One can easily see that a fixed emission limit is unfair to luxury car makers - you can’t require a Mercedes limousine to emit the same amount of greenhouse gas as a Daihatsu K-car, can you? The legislators may say they are not requiring every car to meet the limit, but the average emission of all the cars produced by the car maker. That means, while BMW is overpolluting with its M5, M6 and 760il, it can counter-balance by producing large amount of ultra-clean Mini. The problem is, I don’t think it is wise to force BMW and Mercedes, especially the latter, to shift their focus from luxury cars to small cars which they are not good at and which are not associated with their image. Ask the costly German factories to produce Hyundai-rivaling small cars will only kill the German premium car makers, costing tens of thousands of jobs and arising political shock waves. I don’t believe European Commission will really do that.

The proposal by European Commission does not present a fair game. Firstly, only high volume car makers fall into the scope thus it will give low volume car makers a competitive edge. Secondly, the average emission limit is imposed on the basis of “manufacturers” instead of brands. For example, Audi will not be seen as a manufacturer but a division of the manufacturer Volkswagen AG. With so many Volkswagen small cars to drag down the average emission figure, Audi can continue making powerful luxury cars, leaving the independent BMW and (soon) Mercedes dead. The same goes for the Lexus division of Toyota. Again this will be an unfair game.

Instead of a fixed emission limit, a better way to reduce emission is to tax cars according to emission amount or fuel consumption. The taxation system will make low emission cars cheaper than today’s level and high emission cars more expensive, thus will attract consumers to shift to lower emission cars. Currently, car makers said no one want to buy low emission cars. But in the proposed system, market demand will be the power to drive car makers to develop lower emission vehicles, whether by downsizing their cars or by introducing greener technologies. In this way, we can achieve the target of reducing greenhouse gas while providing all car makers a fair competition environment. Car makers will no longer worry that their substantial investment into green technology get no return. Moreover, the taxation system conforms to the “Polluter Pays Principle”. Bosses can still buy a Mercedes limousine, but they will have to pay more and fewer of them will be able to afford.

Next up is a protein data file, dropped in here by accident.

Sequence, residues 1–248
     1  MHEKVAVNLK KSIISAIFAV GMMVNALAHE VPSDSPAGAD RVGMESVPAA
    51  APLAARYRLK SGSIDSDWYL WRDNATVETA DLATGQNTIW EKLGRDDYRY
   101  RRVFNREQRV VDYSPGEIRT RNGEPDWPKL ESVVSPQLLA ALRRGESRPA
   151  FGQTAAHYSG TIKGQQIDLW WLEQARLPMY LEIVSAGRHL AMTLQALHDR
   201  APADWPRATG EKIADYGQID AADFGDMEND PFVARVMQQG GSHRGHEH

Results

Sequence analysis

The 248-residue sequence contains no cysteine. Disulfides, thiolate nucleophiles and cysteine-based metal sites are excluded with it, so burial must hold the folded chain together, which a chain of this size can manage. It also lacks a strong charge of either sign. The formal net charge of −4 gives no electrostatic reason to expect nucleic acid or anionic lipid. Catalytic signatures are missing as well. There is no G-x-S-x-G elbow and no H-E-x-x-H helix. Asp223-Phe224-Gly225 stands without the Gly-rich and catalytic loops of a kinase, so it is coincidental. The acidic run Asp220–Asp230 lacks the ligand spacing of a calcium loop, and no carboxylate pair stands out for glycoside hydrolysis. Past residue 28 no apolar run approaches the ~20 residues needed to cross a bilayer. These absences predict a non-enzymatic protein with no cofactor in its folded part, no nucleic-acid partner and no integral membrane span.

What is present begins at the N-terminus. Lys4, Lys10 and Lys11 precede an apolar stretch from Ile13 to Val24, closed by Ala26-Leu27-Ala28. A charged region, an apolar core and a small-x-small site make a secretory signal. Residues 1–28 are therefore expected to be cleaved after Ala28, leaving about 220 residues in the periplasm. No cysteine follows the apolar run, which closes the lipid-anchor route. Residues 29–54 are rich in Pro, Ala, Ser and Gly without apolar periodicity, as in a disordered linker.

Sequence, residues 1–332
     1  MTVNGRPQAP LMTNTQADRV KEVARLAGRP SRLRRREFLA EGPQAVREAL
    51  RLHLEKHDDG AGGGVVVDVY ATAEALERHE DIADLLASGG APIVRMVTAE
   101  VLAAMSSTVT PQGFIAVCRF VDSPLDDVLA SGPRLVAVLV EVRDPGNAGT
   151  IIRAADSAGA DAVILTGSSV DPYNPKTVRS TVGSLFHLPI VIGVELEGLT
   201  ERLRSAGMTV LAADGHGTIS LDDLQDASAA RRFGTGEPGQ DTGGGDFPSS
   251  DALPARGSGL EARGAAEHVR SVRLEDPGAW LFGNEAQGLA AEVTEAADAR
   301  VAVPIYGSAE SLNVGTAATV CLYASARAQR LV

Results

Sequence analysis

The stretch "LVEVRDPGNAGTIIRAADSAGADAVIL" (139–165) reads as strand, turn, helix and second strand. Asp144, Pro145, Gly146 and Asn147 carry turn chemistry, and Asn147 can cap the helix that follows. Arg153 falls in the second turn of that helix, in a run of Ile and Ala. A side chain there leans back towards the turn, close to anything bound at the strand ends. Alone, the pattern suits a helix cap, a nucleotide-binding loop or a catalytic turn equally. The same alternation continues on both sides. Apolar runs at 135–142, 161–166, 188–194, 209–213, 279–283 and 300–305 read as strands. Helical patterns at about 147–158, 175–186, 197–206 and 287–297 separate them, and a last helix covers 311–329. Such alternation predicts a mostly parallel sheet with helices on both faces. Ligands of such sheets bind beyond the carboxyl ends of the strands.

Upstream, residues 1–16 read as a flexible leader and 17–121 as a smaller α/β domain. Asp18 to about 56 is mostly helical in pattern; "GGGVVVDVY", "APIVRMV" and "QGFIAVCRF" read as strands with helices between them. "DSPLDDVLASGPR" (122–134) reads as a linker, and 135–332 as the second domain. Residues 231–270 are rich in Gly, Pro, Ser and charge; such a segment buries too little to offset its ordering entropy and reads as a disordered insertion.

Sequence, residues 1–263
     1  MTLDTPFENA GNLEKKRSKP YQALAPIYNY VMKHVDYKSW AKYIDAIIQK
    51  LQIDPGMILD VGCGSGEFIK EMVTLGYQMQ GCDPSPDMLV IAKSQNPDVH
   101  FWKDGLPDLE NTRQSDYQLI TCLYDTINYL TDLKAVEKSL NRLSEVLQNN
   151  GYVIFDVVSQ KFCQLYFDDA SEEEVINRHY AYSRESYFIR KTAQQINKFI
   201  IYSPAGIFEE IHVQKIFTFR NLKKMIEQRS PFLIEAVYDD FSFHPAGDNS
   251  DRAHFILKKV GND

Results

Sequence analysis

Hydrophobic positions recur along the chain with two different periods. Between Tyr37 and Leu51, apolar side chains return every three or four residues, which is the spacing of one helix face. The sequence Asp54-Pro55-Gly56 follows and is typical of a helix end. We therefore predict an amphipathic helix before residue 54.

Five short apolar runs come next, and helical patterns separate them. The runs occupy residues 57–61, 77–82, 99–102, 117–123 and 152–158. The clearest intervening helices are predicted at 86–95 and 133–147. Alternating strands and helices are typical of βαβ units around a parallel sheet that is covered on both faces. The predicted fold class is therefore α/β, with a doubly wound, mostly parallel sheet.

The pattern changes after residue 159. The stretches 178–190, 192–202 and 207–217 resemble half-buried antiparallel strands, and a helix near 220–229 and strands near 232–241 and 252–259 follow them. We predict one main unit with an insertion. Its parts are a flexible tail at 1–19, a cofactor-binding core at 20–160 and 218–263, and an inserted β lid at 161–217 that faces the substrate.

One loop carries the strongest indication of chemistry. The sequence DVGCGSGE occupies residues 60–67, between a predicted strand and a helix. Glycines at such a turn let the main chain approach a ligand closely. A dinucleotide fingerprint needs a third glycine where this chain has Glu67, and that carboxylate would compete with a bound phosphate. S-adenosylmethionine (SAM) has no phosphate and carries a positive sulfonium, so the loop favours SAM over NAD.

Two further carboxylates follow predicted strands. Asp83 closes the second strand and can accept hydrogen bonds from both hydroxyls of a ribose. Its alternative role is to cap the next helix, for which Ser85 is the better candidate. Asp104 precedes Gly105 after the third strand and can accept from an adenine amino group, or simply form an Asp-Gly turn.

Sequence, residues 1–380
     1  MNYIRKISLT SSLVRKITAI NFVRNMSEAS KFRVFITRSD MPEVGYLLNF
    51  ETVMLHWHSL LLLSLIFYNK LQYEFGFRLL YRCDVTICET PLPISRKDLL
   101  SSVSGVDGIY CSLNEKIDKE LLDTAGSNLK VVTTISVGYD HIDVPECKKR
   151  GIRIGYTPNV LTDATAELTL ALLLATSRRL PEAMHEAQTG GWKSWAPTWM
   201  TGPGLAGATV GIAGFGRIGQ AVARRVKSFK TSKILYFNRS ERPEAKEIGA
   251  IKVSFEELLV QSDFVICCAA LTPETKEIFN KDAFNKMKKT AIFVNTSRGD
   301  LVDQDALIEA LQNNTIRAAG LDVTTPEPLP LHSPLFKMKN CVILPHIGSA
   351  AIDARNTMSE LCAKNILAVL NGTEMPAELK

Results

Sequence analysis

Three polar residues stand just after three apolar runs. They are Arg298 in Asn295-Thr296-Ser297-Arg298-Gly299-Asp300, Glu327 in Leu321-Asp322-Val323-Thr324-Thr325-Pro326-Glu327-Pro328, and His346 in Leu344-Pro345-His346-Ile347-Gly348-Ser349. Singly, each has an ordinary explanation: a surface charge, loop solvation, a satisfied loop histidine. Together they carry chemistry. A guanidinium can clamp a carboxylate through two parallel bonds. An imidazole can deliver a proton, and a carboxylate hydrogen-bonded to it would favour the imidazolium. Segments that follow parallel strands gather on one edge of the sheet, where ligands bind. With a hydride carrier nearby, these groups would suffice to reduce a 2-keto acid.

Apparently, controlling greenhouse gas emission by means of taxation is much better than introducing emission limit. So why didn’t European Commission adopt it ? the answer is politics related. Each EU member state has its own financial policies. To change its taxation system drastically, its government could face huge political pressure from the opposition parties and the public, especially those benefited from the existing system. Therefore EU’s legislators want to do in the easiest way – to force car makers to reduce emission by themselves. But as I have mentioned, without the invisible hand of market demand, the government’s intervention will only distort the market and causes conflicts of interests between car makers and consumers. We should learn from the lesson of Audi A2 – without any incentives to purchase a low emission car, people would rather to buy a bigger and cheaper conventional car.

Since 2002, UK has been adopting a taxation system according to CO2 emission level. However, the system only applies to company cars and the tax rate only varies between 10-35%. Without expanding to all cars on the road, without increasing the scale and span of tax rate, the effectiveness of this taxation system will be very limited. Last month, German government revealed its intention to apply a taxation system according to CO2 emission to all new cars. It is deemed to be a counter proposal to EU’s fixed emission limit and has already got the support from DaimlerChrysler.

No matter which system, legislation against greenhouse gas emission will definitely change the view of our motor industry. Who will be the winners and losers ? how will our cars in the future look like ? please wait for the Part 2 of this editorial…

Mark Wan